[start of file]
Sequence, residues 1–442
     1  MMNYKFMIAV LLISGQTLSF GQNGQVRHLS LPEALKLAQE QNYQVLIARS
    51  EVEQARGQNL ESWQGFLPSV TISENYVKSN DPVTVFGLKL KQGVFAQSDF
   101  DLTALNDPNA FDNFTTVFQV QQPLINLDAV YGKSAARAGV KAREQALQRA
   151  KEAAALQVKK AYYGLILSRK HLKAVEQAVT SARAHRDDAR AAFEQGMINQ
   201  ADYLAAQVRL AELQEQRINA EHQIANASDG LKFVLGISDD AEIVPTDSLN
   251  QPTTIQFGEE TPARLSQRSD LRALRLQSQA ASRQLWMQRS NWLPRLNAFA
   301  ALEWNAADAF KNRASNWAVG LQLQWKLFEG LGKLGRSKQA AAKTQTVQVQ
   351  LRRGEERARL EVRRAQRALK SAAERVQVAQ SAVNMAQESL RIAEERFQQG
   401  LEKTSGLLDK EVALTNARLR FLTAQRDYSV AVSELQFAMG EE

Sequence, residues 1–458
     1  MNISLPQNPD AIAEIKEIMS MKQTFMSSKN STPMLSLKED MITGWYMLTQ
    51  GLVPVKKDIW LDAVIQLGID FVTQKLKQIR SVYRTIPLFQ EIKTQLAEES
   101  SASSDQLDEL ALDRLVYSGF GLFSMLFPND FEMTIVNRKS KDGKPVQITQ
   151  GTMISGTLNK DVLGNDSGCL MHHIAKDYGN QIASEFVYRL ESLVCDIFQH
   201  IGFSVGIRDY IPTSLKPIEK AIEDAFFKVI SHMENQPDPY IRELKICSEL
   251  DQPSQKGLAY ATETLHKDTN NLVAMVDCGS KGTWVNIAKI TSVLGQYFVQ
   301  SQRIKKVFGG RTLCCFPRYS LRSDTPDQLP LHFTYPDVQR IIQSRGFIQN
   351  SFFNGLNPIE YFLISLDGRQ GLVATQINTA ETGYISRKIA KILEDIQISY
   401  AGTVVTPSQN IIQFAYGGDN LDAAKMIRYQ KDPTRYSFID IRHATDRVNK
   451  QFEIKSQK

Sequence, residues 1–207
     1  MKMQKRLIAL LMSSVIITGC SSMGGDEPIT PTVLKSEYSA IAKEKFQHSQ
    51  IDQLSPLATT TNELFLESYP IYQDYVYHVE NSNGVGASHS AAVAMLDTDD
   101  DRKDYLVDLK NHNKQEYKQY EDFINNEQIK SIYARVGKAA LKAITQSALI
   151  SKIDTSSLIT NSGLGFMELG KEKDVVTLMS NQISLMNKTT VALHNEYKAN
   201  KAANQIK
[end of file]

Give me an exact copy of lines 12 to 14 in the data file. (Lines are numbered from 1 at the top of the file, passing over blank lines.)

     1  MNISLPQNPD AIAEIKEIMS MKQTFMSSKN STPMLSLKED MITGWYMLTQ
    51  GLVPVKKDIW LDAVIQLGID FVTQKLKQIR SVYRTIPLFQ EIKTQLAEES
   101  SASSDQLDEL ALDRLVYSGF GLFSMLFPND FEMTIVNRKS KDGKPVQITQ